Arroyo Seco Foundation's Annual Hahamongna Walkabout Adds Recreational Stations | KCET
Arroyo Seco Foundation's Annual Hahamongna Walkabout Adds Recreational Stations
In Australia, a walkabout is a sacred rite of passage one undergoes to find oneself by being immersed in nature. In Southern California, the Hahamongna Walkabout, hosted by the Arroyo Seco Foundation (ASF), seeks to inspire by guided tours through this rare spot near the Jet Propulsion Laboratory in Pasadena where mountain terrain transforms into an urban plain.
The Hahamongna Watershed Park hosts a range of plant habitat and is a refuge for many species of wildlife and birds. Only last summer, a pair of Least Bell's Vireos, an endangered subspecies of Bell's Vireo songbird were spotted in the 300-acre open area.
This year, ASF adds another facet to the annual event by teaming up with local community groups to host recreational events at learning stations placed at five to ten-minute intervals throughout the hiking trail. ASF seeks to acquaint visitors to the Hahamongna's natural endowments, as well as its many recreational facilities, which allow for hiking, biking, disc golf, and bird watching.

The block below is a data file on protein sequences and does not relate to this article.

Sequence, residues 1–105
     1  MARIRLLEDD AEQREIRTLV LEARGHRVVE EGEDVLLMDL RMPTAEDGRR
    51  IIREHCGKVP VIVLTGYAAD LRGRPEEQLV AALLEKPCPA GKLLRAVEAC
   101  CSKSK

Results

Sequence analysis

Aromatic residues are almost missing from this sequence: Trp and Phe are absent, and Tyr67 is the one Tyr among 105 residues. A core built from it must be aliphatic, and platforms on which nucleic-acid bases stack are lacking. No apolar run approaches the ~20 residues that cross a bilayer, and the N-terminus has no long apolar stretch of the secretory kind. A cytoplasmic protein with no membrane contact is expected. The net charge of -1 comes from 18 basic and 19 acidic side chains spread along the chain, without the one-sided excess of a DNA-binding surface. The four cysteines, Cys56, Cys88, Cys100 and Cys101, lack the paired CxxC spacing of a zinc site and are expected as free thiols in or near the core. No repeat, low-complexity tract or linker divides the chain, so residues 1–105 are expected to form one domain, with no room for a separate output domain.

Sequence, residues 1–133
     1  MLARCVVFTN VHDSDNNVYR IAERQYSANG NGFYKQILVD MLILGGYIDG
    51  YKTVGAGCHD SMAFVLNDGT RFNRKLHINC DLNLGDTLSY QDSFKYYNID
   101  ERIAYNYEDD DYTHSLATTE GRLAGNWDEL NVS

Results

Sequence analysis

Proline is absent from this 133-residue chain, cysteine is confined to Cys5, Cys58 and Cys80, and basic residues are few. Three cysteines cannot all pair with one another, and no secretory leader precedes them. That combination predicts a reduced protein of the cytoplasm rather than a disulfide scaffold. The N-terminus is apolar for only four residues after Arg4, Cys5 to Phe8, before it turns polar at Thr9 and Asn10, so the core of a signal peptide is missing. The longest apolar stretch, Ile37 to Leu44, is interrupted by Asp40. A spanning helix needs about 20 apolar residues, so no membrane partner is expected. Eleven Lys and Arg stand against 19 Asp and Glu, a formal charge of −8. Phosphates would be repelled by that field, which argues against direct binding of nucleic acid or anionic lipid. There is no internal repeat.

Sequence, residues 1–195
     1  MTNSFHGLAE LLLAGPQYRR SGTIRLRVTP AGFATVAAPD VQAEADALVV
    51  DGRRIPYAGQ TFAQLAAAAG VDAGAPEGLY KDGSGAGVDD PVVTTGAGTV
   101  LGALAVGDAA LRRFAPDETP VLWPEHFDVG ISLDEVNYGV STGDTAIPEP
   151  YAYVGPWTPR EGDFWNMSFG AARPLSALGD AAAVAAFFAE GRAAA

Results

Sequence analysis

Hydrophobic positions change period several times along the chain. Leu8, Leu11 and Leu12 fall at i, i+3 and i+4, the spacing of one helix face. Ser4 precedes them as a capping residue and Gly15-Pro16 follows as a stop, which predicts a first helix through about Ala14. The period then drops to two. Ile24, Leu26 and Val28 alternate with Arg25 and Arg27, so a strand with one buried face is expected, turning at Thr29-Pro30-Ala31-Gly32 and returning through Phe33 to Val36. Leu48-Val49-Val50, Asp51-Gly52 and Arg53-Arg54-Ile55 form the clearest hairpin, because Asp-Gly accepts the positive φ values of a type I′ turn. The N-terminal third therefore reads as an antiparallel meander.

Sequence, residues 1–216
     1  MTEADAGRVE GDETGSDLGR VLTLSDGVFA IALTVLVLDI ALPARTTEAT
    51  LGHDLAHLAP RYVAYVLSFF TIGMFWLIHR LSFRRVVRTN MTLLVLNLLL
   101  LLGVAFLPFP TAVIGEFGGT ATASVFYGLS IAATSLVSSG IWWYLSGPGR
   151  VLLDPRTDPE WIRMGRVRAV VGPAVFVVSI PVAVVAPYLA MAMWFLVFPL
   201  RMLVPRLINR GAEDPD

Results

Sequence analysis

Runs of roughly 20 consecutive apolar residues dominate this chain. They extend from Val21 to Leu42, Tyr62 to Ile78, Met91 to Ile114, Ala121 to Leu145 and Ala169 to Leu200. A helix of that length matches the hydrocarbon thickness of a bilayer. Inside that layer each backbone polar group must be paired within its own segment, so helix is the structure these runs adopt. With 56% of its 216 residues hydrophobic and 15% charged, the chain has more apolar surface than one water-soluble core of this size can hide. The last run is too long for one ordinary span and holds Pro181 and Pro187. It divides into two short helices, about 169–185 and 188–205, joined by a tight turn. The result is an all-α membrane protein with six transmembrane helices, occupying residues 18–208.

"The walkabout will give visitors a chance to explore a wide range of activities that provide an intimate connection between people and nature," says Jonathan Frame of ASF. By organizing the walkabout, the non-profit hopes participants will get "a sense of the diversity, importance and sensitivity of the area."
Expect an equestrian demonstration by non-profit Rose Bowl Riders, a basic lesson in the growing sport of disc golf at the world's first permanent basket disc golf course by Oak Grove Disc Golf Club, and a primer on the region's water sources from the Arroyo Seco Canyon Project. Operating out of Hahamongna since 1944, the Tom Sawyer Camps will also be imparting some beloved park traditions passed down over the last 70 years.
Attend the Hahamongna Walkabout on March 23. Tours begin every 30 minutes from 9 am to 10:30 am. Reserve your spot here.
Huell investigates a onetime tradition, the Yosemite Firefall, and experiences the natural version of the "Firefall" at Horsetail Fall. Huell calls it "one of the most magnificent sights you'll ever see in your life."
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